With growing concerns about the environment, office supplies are no exception to the consumer drive for products that promise wellness and sustainability.

More than half of small office and home office consumers buy environmentally friendly office supply products, according to Understanding the Small and Home Office Consumer, the latest report from global information company The NPD Group. That number increases to 76% among those purchasing for an office of 31-50 employees, who have a larger carbon footprint.

“Consumers today are becoming increasingly cognisant of the products they use and food they put into their bodies. With office products also part of everyday life, they are just as important,” said Leen Nsouli, director, office supplies industry analyst, The NPD Group. “The emphasis consumers and marketers are placing on green products presents a big opportunity for revenue and innovation within the office supplies industry.”

Paper products such as notebooks and janitorial supplies are the most popular green supplies purchased, driven by printer/copier paper, paper towels, and cleaning supplies.

Overall, purchasers are pleased with the choice of green products, with nearly 80 percent indicating they are very to extremely satisfied. In particular, green product users like the fact that they are using non-toxic products, and are doing their part to help the environment. At the same time, some feel they lack the quality of non eco-friendly products, and can be expensive.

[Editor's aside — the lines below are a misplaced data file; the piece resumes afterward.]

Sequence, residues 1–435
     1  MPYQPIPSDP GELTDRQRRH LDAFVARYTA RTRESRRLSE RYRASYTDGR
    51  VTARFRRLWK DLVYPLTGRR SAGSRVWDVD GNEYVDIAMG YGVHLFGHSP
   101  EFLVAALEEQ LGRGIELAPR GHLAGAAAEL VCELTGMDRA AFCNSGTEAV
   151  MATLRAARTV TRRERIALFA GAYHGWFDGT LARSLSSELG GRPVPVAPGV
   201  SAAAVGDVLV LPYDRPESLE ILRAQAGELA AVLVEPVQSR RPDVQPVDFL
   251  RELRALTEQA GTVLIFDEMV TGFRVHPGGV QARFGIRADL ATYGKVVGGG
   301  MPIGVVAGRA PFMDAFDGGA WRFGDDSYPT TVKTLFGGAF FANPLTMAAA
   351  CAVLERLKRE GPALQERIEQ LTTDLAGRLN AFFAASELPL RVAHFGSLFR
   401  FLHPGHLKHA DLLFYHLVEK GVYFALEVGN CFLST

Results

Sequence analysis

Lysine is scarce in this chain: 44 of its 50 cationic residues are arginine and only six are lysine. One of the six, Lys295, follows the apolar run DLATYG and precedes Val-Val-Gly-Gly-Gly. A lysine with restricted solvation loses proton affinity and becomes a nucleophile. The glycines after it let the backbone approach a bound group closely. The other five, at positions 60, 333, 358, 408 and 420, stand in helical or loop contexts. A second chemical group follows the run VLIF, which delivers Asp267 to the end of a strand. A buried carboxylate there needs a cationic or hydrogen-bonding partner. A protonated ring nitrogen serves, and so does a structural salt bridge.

“Environmentally friendly products are popular among office supplies purchasers; however, there is room for improvement and further development,” said Nsouli. “Manufacturers should take consumer dislikes into consideration, to further capitalize on this trend and get ahead of the competition.”

Source: The NPD Group, Inc. / Understanding the Small and Home Office Consumer 2016

Methodology

An online survey was conducted in July 2016 among a U.S. representative sample of males and females age 18 and older. Qualified respondents indicated they work in a home office or for a small business of 50 employees or less, and have responsibility for purchasing office supplies for themselves or their office location.

A simple guide to claiming for hail damage.

Property hail damage

To assist in sorting your insurance claim after a storm, you will need to take the following steps:
First inspect your property to identify any damage caused. Ensure that you take photos for your records. Record the date and time of the hail storm as your insurance company may need to verify the information with the weather bureau.
Be aware of the size of the hailstones as well as the quantity of hail on the ground, your vehicle, roof, patio or any other area of your property. This is important because it indicates the possible level of damage caused. After a storm check for leaks both inside and outside the house – if not attended a leak could lead to more damage and escalated water bills. If you spot damage to shrubs, trees and plants chances are, there will be damage on other areas like the roof, gutters and windows. If you identify any of these problems or if your house is in an emergency situation (leaking roof, broken windows), call your insurance company to identify a local authorized contractor.